On the other hand, in December, Celent issued a report in which it polled 100 U.S. bankers and asked them which emerging technologies were most important to deliver their top priorities. On the top of the list was mobile banking channel development, at 96%. Last on the list was AI-based initiatives, at 6%.
“Our best hypothesis [for the low showing of AI] is that it’s because the smaller banks in particular, below $50 billion in assets, are so overwhelmed and so preoccupied with all this other stuff on their to-do list,” says Daniel Latimore, senior vice-president, banking, at Celent. “AI is something they are keeping their eye on and they would like to do more in, but they have other stuff to do that requires some degree of expertise.” Nevertheless, he points out, while most banks will be followers on AI, “they should definitely be paying attention to it.”
What is AI?
So what is AI, and how is it related to these other terms: machine learning and robotic process automation (sometimes shortened to robotics or RPA)?
“At Wells Fargo, we define artificial intelligence as a global term encompassing a number of individual and nested constituent technologies, disciplines, and scientific fields,” says Stewart.
In a similar vein, Antonis Papatsaras, chief technology officer at SpringCM, an enterprise content management company based in Chicago, explains it this way: “Think of a concentric circle where the outer circle is artificial intelligence. The next inner circle is machine learning . . . Then, in the center, is robotic process automation.”
To be sure, there are subsets of subsets.
In machine learning, for example, there is deep learning, which generally supersizes the amount and sources of data with which the machine learning technology absorbs and uses. In addition, there are AI-related technologies that blend, such as natural voice recognition, which can work with both machine learning and robotics, as in the use of chatbots—systems that can intelligently converse with customers.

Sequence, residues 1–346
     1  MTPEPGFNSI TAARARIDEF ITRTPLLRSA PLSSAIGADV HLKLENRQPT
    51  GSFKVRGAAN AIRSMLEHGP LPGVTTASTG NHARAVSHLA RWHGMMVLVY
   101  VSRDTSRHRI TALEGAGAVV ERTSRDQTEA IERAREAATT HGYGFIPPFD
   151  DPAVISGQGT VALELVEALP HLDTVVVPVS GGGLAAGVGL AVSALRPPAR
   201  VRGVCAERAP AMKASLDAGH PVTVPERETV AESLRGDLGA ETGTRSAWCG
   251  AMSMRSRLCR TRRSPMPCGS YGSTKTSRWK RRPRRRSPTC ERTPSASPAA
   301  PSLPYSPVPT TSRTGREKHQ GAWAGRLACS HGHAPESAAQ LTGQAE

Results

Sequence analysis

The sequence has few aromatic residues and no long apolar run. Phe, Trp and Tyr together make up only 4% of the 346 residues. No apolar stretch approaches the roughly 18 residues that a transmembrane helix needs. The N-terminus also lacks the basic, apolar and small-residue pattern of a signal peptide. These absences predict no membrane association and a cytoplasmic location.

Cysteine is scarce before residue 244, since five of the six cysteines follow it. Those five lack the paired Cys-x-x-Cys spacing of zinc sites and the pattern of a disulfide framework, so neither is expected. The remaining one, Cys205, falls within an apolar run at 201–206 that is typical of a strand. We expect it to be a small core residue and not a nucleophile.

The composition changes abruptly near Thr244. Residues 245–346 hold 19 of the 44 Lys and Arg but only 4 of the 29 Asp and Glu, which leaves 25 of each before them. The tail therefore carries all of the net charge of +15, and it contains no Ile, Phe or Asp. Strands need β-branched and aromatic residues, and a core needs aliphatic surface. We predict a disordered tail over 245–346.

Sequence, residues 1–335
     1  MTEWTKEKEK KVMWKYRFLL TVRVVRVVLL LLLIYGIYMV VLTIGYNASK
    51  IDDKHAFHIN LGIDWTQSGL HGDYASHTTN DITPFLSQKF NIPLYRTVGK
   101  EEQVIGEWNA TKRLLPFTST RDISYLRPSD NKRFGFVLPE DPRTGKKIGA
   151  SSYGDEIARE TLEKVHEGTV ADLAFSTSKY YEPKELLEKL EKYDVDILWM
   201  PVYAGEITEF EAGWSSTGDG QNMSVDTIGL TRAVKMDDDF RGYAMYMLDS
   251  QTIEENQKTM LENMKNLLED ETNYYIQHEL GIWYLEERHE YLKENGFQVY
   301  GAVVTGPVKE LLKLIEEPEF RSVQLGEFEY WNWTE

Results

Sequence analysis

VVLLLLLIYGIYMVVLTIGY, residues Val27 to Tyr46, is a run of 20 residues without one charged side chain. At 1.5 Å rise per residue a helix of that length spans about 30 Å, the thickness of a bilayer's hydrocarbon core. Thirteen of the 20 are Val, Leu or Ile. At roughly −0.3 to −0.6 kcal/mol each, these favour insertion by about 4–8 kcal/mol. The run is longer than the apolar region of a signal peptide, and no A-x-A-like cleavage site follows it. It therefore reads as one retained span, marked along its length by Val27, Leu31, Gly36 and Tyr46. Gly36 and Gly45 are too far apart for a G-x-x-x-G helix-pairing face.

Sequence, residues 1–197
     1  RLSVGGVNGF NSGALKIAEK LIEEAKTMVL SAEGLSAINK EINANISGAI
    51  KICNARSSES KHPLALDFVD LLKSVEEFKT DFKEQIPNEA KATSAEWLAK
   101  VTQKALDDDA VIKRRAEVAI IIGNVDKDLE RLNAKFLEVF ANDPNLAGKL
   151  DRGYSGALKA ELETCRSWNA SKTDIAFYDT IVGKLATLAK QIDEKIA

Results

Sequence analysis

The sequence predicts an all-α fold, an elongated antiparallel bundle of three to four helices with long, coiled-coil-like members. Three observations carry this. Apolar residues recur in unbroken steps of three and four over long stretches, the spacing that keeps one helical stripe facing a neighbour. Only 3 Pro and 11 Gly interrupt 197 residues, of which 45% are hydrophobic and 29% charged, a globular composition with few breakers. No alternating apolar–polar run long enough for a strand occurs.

In general, then, AI is composed of “technologies that mimic human judgment at high speed, high scale, and low cost,” says Sridhar Rajan, robotics and cognitive automation lead for Financial Services, Deloitte Consultants.
Given that AI is the encompassing term for a number of related technologies, it is important to distinguish them.
What is machine learning?
Wells Fargo’s Stewart defines machine learning as “a branch of AI that utilizes data and algorithms to train software logic instead of programming that logic through explicit rules.”
CenterState’s Nichols puts it this way: “When we talk about machine learning, we basically talk about using a set of algorithms that gets smart, that improves the base algorithm. It draws conclusions from it and learns over time.”
Thus, in a simplified example, a given machine learning algorithm may dive into a vast sea of data and draw correlations between various, apparently disconnected inputs—transaction history, social media postings, customer locations, device types—and decide whether or not a particular transaction is fraudulent or not.
That decision may or may not be correct. If it’s not correct in a given instance, a human operator can step in and make an adjustment to the algorithm. Afterward, should similar instances arise, the machine will have learned not to make the wrong decision again.
Deep learning is a subset of machine learning and basically funnels massive amounts of data from many different sources very quickly into a neural network (modeled after the human brain), and then responds to specific questions about specific customers or trends.
Robotic process automation
Moving to another subset, RPA, SpringCM’s Papatsaras points out that it involves “tools that automate a special work environment, taking tasks that humans are bogged down with . . . to achieve consistency.”